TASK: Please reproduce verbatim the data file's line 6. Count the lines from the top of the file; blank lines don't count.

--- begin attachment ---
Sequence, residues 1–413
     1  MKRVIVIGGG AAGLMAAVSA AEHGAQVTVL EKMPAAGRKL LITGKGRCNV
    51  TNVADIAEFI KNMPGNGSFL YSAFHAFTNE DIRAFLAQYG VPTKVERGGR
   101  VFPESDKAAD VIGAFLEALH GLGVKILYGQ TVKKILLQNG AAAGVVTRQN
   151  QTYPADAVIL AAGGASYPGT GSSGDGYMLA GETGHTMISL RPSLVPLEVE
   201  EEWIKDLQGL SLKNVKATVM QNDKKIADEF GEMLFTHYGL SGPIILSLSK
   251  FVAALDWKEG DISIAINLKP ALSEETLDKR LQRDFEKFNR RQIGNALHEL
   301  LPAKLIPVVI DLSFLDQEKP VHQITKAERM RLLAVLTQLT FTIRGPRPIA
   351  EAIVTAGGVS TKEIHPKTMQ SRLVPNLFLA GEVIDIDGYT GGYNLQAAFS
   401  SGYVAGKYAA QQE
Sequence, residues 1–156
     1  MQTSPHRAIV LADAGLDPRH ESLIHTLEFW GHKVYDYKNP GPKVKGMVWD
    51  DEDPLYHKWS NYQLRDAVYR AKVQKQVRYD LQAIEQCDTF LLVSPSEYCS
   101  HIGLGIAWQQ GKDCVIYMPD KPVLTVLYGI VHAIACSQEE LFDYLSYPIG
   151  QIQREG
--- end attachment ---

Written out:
   201  EEWIKDLQGL SLKNVKATVM QNDKKIADEF GEMLFTHYGL SGPIILSLSK